I am a postdoctoral fellow in the Social Studies of Medicine Department at McGill University. My research investigates the social dimensions of biomedical knowledge production, especially genetic knowledge. I am interested in the way that genetic explanations for human diseases and disorders are investigated, materialized, and circulated in different institutional and sociocultural settings. I employ mainly ethnographic and qualitative methods to explore the practices of doing genetic research and the meanings that scientists and clinicians give to this research—from the day-to-day frustrations of running experiments or clinical trials to future predictions about how molecular information might be used in the clinic. I am currently pursuing these interests in two main areas:
- Animal models of human behavioral disorders My dissertation research at Cornell University's Department of Science & Technology Studies explored how animal behavior geneticists use mouse models to produce genetic information about alcoholism and anxiety. I investigated the way that researchers set up and troubleshoot their experimental systems, manage the excess of uncertainty that they associate with studying behavioral disorders, and conceptualize the action of genes in producing behaviors. With this project, I am interested in studying the specific ways that researchers relate animals to humans and genes to behaviors; and the way that the past history of controversy in the behavior genetics field shapes how researchers make claims about their work.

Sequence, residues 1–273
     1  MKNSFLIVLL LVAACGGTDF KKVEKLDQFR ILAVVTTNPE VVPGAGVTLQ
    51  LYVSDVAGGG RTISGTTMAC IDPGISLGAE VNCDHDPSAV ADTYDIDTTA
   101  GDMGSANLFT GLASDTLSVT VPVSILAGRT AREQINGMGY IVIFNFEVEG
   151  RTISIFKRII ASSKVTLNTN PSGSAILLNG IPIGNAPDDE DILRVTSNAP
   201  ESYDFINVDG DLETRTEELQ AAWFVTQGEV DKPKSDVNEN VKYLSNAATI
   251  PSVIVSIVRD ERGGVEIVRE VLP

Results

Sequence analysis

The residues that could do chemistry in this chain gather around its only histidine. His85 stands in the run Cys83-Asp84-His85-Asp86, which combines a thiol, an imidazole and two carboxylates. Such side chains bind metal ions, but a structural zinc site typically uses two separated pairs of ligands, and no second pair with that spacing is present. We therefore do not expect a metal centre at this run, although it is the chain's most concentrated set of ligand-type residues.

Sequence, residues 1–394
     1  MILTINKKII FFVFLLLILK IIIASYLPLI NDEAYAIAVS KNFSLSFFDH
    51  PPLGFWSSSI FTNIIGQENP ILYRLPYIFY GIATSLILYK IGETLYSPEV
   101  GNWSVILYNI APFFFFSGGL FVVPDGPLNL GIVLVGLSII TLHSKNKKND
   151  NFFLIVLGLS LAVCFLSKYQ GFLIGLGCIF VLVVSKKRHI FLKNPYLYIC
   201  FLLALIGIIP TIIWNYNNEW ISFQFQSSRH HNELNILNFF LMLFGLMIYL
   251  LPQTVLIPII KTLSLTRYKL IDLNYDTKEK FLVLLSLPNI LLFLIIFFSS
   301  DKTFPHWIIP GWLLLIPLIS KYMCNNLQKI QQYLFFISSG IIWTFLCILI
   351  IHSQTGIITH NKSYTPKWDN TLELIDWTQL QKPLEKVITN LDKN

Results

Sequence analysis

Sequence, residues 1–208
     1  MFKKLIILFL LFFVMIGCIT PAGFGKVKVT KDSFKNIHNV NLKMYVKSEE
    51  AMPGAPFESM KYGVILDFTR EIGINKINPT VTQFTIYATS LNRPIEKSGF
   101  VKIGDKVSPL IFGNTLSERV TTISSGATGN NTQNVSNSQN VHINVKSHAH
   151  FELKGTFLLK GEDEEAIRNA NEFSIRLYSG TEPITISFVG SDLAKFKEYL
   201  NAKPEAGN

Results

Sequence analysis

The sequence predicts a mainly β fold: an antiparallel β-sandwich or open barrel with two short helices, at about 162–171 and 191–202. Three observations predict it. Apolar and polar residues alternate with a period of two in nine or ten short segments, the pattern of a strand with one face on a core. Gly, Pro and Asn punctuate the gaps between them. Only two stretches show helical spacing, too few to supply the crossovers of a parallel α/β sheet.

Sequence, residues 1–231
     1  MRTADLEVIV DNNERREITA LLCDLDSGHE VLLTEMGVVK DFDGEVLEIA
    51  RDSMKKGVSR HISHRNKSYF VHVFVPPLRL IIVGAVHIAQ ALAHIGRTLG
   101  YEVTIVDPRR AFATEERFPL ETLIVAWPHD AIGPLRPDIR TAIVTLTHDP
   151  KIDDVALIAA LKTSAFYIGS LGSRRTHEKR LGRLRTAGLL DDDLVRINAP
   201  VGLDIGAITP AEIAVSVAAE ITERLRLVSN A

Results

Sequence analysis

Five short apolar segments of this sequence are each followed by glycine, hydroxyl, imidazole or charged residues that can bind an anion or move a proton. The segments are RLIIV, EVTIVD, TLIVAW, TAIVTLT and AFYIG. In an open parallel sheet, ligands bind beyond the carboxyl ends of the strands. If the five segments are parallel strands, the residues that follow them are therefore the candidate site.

- Introduction of molecular techniques into oncology In this collaborative project with Alberto Cambrosio and Peter Keating, we are investigating the ways that genetic tools and techniques are being introduced into various areas of oncology, such as pathology, cancer research, and clinical decision-making. I am particularly interested in efforts to “translate” molecular analysis from a research activity into a clinical service. I plan to study several sites that are introducing genetic analysis of tumor samples into routine practice comparatively in order to analyze the different ways that these programs are embedded into existing institutional structures, developed with particular patient groups in mind, and based on different technological choices.